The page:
Personal tools


(Stanford University - Jaclyn Chen)


- Overview

Neurosurgery, commonly referred to as brain surgery, is the medical specialty concerned with the surgical treatment of diseases affecting any part of the nervous system, including the brain, spinal cord, and peripheral nervous system. 

Neurosurgery has been at the forefront of incorporating technological advancements to improve surgical outcomes. 


- AI, Robotics, AR, and VR in Neurosurgery

Recent advances in artificial intelligence (AI), robotics, and virtual and augmented reality (AR/VR) have been used in several neurosurgical subspecialties in the preoperative, intraoperative, and postoperative stages of neurosurgery and have facilitated surgical Pre-planning, surgical decision-making, intra-operative workflow, risk minimization, post-operative clinical assessment, rehabilitation, training, research, and expanding access to high-quality care. 

While the use of AI, AR, and VR in neurosurgical interventions is in its infancy, promising steps have been taken to incorporate these technologies into clinical practice.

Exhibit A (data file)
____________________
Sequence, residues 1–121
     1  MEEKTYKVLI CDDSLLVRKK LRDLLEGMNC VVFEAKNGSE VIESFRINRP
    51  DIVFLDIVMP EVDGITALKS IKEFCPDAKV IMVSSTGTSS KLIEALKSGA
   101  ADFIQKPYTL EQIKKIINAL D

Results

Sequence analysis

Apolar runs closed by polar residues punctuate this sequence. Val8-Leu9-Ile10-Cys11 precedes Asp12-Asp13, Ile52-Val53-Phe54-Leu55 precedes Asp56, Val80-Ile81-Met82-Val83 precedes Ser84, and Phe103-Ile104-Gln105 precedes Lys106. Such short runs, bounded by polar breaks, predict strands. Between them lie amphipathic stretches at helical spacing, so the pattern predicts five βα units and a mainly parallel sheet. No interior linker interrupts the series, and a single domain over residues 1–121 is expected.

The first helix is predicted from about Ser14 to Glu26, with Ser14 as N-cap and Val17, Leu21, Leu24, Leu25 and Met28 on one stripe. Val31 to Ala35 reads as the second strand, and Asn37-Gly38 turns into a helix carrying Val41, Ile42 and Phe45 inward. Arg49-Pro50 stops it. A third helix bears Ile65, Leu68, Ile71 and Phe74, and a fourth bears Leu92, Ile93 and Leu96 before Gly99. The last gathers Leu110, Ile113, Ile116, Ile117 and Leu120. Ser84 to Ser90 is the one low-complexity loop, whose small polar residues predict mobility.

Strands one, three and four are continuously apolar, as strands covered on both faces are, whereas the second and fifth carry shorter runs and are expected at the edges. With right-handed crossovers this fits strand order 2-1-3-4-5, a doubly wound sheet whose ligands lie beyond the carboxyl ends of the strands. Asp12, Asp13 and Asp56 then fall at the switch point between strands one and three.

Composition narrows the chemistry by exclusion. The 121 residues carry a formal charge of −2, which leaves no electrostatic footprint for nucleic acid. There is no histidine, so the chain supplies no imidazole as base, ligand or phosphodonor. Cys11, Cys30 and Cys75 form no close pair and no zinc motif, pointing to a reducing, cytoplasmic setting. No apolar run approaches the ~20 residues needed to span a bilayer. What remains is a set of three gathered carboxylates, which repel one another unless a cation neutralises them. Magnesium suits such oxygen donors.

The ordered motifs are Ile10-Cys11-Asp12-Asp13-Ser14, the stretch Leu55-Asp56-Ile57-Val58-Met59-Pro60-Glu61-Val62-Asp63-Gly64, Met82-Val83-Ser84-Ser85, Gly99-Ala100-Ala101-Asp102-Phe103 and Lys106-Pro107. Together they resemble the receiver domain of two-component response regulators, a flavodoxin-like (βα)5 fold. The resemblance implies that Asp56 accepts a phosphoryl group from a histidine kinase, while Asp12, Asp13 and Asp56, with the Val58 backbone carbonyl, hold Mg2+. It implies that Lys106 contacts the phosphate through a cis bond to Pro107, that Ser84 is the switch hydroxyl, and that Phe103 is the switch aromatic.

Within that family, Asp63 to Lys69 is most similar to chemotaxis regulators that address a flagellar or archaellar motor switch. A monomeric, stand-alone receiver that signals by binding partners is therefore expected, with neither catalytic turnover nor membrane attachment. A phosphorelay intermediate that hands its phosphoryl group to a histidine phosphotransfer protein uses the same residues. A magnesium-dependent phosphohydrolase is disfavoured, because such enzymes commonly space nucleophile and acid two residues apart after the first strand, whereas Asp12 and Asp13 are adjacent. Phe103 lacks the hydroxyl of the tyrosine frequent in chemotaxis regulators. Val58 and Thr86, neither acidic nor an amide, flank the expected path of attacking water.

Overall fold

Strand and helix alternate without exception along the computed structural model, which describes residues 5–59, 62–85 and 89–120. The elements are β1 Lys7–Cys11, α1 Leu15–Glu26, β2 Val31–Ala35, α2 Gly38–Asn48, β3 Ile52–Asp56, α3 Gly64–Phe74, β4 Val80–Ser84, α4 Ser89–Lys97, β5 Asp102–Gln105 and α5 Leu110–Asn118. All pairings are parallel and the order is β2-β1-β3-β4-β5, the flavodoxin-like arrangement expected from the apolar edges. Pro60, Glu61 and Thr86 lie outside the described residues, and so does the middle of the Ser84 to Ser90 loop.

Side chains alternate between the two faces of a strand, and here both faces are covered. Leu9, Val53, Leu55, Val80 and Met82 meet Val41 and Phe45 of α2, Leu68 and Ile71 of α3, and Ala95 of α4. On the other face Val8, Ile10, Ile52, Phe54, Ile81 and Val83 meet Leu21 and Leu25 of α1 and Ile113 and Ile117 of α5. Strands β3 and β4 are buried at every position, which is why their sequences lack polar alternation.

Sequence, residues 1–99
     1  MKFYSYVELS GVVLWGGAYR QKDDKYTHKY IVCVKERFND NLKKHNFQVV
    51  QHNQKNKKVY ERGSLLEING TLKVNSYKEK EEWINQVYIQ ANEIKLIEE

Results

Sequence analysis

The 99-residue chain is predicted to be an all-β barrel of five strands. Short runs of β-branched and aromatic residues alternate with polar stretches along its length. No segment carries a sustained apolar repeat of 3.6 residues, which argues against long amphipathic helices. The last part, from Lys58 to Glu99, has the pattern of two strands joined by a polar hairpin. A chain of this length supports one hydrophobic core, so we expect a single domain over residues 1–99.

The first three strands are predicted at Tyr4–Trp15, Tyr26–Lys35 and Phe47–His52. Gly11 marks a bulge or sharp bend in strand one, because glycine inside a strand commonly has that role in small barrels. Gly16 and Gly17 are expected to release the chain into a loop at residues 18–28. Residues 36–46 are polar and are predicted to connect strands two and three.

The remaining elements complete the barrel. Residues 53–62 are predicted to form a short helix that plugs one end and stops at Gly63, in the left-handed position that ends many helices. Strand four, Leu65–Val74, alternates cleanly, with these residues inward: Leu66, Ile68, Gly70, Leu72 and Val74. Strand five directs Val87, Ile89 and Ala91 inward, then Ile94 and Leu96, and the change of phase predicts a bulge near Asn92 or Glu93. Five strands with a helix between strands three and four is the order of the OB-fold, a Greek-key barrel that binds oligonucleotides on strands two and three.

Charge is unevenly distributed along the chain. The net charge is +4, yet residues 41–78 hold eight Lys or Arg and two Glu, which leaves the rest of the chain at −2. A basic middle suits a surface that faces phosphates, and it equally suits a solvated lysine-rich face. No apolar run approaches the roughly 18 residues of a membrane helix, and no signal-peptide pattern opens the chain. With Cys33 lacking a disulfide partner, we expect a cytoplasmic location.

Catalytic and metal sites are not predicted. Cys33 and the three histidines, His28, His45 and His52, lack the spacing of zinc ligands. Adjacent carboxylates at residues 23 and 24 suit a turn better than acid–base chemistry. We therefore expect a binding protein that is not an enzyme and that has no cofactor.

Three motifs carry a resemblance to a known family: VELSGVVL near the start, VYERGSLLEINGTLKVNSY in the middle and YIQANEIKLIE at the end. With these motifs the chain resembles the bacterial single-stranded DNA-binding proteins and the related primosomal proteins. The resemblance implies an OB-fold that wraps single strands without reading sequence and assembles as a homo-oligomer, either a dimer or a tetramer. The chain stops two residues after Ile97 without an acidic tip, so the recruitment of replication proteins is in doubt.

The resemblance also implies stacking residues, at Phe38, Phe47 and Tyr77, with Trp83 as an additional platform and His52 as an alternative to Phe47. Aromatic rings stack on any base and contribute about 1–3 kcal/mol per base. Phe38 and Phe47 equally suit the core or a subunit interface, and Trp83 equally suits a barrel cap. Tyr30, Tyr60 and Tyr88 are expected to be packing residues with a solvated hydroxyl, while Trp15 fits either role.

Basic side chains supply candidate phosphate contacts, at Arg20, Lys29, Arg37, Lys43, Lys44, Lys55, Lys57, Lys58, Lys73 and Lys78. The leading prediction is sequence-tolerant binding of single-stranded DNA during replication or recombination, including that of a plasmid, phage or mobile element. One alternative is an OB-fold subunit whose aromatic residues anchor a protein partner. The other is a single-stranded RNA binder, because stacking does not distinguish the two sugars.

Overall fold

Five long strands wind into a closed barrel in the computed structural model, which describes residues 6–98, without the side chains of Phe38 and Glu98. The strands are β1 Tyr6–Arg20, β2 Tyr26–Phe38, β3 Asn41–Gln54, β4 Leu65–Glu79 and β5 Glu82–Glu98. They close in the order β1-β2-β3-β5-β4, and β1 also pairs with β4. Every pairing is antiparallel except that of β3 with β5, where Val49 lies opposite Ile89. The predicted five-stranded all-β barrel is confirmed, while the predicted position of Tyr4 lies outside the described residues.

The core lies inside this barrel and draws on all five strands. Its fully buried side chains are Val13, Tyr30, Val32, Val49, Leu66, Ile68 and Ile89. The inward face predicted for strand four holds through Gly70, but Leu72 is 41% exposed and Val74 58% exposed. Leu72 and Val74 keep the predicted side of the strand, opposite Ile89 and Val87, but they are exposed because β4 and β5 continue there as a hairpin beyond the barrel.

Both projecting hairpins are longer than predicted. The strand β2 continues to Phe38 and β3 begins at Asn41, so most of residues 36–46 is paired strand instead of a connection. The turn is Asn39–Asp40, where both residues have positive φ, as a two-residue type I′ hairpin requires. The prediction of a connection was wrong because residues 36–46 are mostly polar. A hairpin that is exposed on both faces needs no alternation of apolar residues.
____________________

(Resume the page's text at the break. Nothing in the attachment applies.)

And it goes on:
- Robotic Spine Surgery

Robotic spine surgery, or robot-assisted spinal surgery, describes the use of robotics to assist in guidance during spinal neurosurgery.

Traditionally, neurosurgeons have relied on their knowledge of anatomy and X-rays to place instruments in the spine "freehand." They must keep their hands steady as they operate near important nerves in small corridors -- especially in today's minimally invasive procedures, where incisions are much smaller. Spine surgery can also be lengthy and laborious, leaving neurosurgeons prone to mental and physical fatigue.

Robots can perform repetitive tasks with virtually unlimited stamina and without performance degradation, minimizing the potential for fatigue-related errors and potentially leading to more consistent outcomes for patients. Robots can also improve surgical accuracy by eliminating problems with surgeon hand instability, moving to precisely programmed positions, and allowing surgeons to perform precise movements in tight spaces and procedures—such as those involving the placement of rods or screws Operation. In patients with challenging anatomy.

Additionally, the use of robotic guidance rather than image guidance minimizes radiation exposure for patients, surgeons, and other OR staff.



[More to come ...]

Document Actions